Saturday, Aug. 15, 1998 | 6:59 a.m.
I UNDERSTAND what it is like to be at the bottom looking up. But all I can say about that is as you move up, no matter how high you go, the work doesn't get any easier, it just gets different. There are more responsibilities, but the rewards are so much greater.
I can't tell you the number of times I've stumbled trying to start something new. But if you are flexible enough to change your direction, you can find your niche and you will never be a loser.
I remember during World War II going to a friend who was a bank teller in Houston and telling him I needed to borrow $5,000. He said, "Gosh, Claudine, how are you going to pay that back?" I told him I was opening a restaurant -- a nice little elegant steak house -- and I'd pay it back with the profits I made. He said, "What are you going to use for security?" I said, "I give you my word."
I got the loan and spent it fixing up the place. And, wouldn't you know, right after that, the government began rationing meat. I didn't sit down and start crying that I was going to lose everything. Instead, I looked at my options.
I couldn't get steaks, but I could get hamburger. So my little elegant steak house became a hamburger joint. We had people lined up outside to get in. I paid back the loan and made more money than I had dreamed I would make. That's because I couldn't afford to give up.
My philosophy has always been that when a customer spends $1, you should work hard to make sure he gets his money's worth. There is no better advertising than a customer who feels he got a good deal -- whether it is an excellent rate on a car loan of several thousand dollars or good play in a casino.
Those of us who lived through the Depression learned the value of a dollar. You had to look for good buys because salaries were low and money was scarce.
And, when you got a good job, you worked hard to keep it because you knew there were eight people waiting behind you to take it. I was working in nightclubs and cleaning homes at age 14 -- anything to support my mother, sister and grandmother.
I worked in a private club in Dallas in the early 1940s. My hours were 4 a.m. to 10 a.m. and 7 p.m. to 11 p.m., sometimes later. It was a wonderful job and a great learning experience that helped me throughout my career.
People in business should be innovative. When my late husband Shelby and I owned the Silver Slipper in the late 1960s, we hosted televised boxing matches. TV wouldn't let us put up a Silver Slipper sign behind the ring, so Shelby got the idea to have pretty ring girls carry signs which, in addition to the round number, had the name of the casino on them.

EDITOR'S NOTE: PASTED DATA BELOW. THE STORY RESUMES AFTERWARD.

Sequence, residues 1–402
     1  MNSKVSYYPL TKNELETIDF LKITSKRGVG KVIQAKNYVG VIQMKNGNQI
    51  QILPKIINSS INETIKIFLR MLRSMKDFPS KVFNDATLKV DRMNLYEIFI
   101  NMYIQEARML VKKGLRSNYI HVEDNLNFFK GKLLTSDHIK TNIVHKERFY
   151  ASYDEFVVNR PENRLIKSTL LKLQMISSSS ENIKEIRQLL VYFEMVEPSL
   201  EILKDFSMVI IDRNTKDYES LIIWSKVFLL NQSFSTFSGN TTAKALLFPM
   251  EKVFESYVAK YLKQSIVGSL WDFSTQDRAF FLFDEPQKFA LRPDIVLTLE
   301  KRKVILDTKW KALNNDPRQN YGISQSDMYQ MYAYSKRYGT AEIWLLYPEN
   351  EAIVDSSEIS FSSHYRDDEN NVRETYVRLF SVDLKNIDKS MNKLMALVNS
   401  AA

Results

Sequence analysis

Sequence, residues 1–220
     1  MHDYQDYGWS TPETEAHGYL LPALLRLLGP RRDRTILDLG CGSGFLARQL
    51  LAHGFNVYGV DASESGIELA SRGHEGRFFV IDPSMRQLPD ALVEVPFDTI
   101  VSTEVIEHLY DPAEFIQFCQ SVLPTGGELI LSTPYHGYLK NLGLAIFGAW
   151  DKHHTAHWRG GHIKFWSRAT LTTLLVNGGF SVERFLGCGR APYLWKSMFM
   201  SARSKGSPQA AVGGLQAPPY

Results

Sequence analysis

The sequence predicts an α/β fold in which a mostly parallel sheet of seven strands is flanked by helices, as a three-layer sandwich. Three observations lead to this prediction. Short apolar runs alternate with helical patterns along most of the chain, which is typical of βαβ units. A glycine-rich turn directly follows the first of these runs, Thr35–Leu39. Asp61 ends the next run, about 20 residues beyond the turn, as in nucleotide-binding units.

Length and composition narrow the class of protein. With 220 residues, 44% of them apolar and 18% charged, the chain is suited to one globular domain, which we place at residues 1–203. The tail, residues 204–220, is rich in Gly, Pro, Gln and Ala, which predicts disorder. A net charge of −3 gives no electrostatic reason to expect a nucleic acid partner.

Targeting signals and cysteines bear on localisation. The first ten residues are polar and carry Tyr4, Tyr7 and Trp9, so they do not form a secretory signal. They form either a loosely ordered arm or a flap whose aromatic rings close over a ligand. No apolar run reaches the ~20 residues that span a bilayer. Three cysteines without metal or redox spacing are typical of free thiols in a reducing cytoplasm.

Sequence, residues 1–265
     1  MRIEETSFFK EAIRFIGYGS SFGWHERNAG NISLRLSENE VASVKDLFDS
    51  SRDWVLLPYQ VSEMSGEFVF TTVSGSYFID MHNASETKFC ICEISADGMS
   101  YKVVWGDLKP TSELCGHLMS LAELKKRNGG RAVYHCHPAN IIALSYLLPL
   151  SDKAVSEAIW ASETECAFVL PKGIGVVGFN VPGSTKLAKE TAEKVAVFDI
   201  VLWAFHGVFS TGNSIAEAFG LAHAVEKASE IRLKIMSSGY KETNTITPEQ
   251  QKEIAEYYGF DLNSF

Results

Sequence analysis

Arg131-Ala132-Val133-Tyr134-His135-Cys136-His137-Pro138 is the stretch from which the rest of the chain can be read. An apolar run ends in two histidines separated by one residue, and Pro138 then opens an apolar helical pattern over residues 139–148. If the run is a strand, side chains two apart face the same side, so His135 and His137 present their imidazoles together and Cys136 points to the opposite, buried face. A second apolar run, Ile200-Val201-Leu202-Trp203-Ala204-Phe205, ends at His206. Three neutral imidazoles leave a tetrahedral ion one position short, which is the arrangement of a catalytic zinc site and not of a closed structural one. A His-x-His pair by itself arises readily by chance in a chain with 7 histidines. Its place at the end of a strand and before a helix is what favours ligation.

When I see that on TV boxing matches now, it brings a smile to my face because it was Shelby who started that practice. It was an innovation that caught on. So don't be afraid to try ideas.
When Shelby and I built the Holiday Casino, it was a mom-and-pop operation. We did a little of everything to make it a successful business. When Holiday Corp./Harrah's bought it, they purchased it for what it was -- friendly atmosphere and all. It's hard for a big corporation to run that way, but Harrah's has managed to do it very well.
As for running a business, it doesn't matter whether it is a small venture or a giant corporation -- we are all in the service industry. I have always respected my employees because they are my partners in my investment. They are the first to greet the customers.
And my door has always been open to any of them, whether they want to tell me they are being treated unfairly or want to give me a suggestion on how to better run the business. You never know what you might learn by listening.
Also, I can't stress enough the importance of a good education. My only regret is that I didn't complete my formal education. However, I grew up in a much different time. I couldn't do now what I did then.
Employees of today must be able to keep up with the rapidly changing technology, so take every opportunity to get the best education possible. It will help you reach your goals.
I also believe you should present yourself well at any job because it tells your employer and your customers that you have respect for them.
As for being a woman in business, I never experienced the discrimination some women have faced. Men were always helpful to me whenever I sought their assistance. But, from the beginning, I proved to them that I was more than willing to carry my end of the load.
It is harder for a woman partly because it was only recently that women realized they had the freedom to pursue a career or help support their families without having to worry what others thought about it.
When choosing a career, try to find the type of work you enjoy doing. If your job pleases you and you take pride in it, your chances for success are much greater.
So, my advice to young people is get the very best education possible, don't be afraid to take chances, work hard, enjoy your job, take pride in what you do and don't ever give up.